PHILIPSBURG–The unions representing members of the disciplined services “insisted” on Wednesday that Justice Minister Cornelius de Weever “show up” to Parliament in two weeks to answer questions on pending matters affecting their members.
Representatives of the unions made the firm statement during their closing remarks at a meeting of Parliament’s Justice Committee on Wednesday. The meeting was adjourned and the union representatives are expected to return in two weeks to answer questions they received. Many of the questions posed were more appropriate for the minister and not the unions.
“We are insisting that the Minister of Justice be present in the next two weeks to answer [questions on – Ed.] the status of the LBHAM [national ordinance] and the covenant. It is far surpassed the time now. The women and men of the Police Force require answers and deserve what is owed to them,” Windward Islands Civil Servants Union/Private Sector Union (WICSU/PSU) President Sophia Rismay-Peterson said.
Police union NAPB President Rogerrel Mauricia told Members of Parliament (MPs) in his opening remarks that former Justice Minister Edson Kirindongo, his cabinet, unions and the GOA (now called Committee of Civil Servants Unions CCSU) had come up with a covenant, which was approved by Kirindongo, the GOA and the unions on August 26, 2016.
He said the covenant is a guarantee of continuity in the process for the placement of Police Force personnel in St. Maarten. The covenant package (national ordinance LBHAN) consists of the rechtspositie, function book and a formation plan for a placement committee.
The national ordinance was drafted and is to be signed by the governor, Justice Minister and Prime Minister. The national ordinance dates back to October 10, 2010, and once it has been signed by the relevant parties, it can be executed and a 16.3 per cent allowance can then be incorporated into the salaries of workers.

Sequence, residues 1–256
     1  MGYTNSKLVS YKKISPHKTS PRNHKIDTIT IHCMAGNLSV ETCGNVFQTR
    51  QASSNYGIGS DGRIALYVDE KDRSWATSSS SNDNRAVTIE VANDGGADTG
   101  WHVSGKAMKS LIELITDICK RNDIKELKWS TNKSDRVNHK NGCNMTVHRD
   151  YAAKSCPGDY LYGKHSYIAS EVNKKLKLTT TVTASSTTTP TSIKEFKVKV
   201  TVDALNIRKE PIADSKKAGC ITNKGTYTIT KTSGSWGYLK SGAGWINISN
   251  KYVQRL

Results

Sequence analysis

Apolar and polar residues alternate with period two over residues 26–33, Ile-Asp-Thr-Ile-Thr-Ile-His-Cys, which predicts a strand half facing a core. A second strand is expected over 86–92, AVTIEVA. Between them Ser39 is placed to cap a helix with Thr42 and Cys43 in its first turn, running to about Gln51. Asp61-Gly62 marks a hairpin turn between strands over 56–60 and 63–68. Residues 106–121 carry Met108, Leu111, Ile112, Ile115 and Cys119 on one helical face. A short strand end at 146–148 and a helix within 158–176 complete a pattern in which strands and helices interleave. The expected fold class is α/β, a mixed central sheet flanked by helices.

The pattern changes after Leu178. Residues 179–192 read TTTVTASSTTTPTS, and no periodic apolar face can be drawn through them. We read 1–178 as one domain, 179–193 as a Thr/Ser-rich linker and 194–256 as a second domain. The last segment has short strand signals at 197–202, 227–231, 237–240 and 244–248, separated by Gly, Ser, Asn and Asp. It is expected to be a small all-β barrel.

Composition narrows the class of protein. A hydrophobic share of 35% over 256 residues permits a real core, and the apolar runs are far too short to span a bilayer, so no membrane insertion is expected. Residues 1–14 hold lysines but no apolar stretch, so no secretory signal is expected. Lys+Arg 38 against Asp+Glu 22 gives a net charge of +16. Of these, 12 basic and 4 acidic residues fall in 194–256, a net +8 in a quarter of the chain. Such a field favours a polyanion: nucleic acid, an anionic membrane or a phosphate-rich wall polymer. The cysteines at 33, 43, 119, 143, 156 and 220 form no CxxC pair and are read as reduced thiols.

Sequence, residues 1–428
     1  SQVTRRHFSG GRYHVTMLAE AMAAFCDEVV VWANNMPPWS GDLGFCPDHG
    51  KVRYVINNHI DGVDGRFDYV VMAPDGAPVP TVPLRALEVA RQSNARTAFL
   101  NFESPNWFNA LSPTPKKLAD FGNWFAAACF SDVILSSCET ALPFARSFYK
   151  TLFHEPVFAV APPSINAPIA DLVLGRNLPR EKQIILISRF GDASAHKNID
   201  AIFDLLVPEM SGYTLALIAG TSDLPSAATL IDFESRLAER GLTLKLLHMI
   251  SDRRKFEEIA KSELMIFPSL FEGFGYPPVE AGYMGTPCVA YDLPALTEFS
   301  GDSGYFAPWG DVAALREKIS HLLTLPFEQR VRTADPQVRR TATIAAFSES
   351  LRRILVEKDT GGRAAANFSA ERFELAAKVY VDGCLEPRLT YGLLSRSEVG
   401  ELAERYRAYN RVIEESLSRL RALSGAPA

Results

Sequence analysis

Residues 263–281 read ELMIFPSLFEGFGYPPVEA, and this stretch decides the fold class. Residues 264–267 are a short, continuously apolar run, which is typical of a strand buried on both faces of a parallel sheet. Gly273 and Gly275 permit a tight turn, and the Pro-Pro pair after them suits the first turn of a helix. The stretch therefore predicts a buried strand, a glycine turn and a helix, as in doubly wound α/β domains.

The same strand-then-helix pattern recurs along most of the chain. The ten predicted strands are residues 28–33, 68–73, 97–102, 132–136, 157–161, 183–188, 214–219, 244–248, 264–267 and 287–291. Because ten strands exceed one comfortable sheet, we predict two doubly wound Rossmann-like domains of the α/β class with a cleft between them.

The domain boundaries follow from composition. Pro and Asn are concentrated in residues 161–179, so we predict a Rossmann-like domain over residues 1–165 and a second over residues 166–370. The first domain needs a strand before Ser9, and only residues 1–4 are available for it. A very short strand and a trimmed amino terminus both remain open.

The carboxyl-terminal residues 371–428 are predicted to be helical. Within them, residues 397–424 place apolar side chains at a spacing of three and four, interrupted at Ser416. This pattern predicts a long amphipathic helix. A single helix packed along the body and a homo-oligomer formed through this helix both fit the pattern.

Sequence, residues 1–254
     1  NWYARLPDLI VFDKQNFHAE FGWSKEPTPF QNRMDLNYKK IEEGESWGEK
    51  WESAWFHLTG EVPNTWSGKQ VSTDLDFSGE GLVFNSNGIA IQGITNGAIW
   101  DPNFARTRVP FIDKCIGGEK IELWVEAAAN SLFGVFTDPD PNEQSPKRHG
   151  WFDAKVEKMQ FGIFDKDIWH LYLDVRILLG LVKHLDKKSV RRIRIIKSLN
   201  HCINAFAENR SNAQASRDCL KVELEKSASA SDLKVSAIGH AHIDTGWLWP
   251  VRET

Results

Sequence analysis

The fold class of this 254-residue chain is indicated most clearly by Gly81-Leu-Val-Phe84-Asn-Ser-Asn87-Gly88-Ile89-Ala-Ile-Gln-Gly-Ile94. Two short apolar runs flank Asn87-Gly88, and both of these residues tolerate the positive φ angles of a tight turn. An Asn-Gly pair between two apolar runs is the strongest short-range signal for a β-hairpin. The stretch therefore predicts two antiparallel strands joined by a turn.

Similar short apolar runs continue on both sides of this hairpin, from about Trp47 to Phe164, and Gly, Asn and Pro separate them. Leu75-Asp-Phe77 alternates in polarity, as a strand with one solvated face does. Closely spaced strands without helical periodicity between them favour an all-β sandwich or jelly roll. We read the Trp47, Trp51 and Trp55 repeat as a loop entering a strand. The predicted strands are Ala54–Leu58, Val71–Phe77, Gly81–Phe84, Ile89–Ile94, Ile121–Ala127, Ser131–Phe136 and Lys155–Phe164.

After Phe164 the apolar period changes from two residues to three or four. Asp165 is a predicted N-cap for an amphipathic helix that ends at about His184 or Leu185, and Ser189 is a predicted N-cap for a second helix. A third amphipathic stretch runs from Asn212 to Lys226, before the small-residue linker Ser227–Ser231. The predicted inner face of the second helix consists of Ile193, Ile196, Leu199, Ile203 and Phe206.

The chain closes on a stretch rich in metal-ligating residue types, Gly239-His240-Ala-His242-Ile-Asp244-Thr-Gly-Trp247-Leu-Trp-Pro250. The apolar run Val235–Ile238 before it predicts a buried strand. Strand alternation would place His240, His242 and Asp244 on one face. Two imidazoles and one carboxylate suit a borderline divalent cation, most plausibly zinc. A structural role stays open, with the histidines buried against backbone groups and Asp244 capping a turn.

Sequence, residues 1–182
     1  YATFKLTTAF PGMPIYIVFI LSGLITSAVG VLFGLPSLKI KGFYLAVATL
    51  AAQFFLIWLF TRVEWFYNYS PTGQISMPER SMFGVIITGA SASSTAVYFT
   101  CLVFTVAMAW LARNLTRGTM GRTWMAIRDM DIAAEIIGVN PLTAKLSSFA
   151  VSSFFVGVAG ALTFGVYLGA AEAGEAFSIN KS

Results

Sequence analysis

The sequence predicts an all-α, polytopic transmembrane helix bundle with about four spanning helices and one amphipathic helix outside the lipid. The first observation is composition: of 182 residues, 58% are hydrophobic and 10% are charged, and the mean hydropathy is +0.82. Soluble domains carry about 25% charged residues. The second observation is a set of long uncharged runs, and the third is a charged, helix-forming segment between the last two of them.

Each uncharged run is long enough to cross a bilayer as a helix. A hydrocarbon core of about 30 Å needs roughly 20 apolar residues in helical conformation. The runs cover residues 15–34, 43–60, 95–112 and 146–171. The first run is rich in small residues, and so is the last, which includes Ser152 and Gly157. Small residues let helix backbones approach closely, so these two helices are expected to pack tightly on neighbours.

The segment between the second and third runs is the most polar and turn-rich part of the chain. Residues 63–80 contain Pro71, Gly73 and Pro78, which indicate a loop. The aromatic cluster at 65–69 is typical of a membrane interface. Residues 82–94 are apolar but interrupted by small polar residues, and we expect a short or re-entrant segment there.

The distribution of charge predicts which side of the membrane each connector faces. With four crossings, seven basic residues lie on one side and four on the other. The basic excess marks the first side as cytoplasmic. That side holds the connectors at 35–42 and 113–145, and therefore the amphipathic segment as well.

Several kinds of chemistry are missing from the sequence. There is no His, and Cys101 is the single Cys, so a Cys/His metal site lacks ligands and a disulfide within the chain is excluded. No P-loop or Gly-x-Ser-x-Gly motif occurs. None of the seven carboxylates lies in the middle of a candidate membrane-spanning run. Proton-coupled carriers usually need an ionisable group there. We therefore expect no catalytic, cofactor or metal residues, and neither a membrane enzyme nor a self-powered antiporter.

The consequences of the national ordinance not being signed are detrimental to workers and their families and, according to Mauricia, it will have an effect on pensioners, on promotions of Police Force personnel and the placement of workers, and will also affect retroactive payment.
“The saddest part is that it will also affect the families of colleagues who passed away and also … Immigration administrative workers at the Police Force,” Mauricia said.
He said the unions have been “waiting patiently” for these matters to be dealt with. The last meeting the unions had with De Weever was in November last year. “After that we tried numerous times to continue our meetings, but [they] were in vain,” Mauricia said.
He said a letter had been sent to the minister on May 8 seeking an update on pending matters so that the unions can update their members, who are asking for information.
“For too long we cannot update [our members] on their concerns. We want to update them, but we are out of words,” he said.
The unions received a response on May 9 informing them that a letter had been sent to the GOA (CCSU) chairperson and that the cabinet would be contacting all unions to provide an update. He said no date had been given.
Members of the unions are not happy with the snail’s pace at which things are happening.
“If you turn your face to the public, what you see is members who have been patiently waiting and I don’t think that you will see any happy faces today,” Mauricia said. He said the unions want issues addressed now and not a year or two from now.
MPs posed a range of questions during the meeting and the unions said two weeks were needed to provide answers. “In two weeks, we will come back and we demand that the minister is there,” Mauricia said.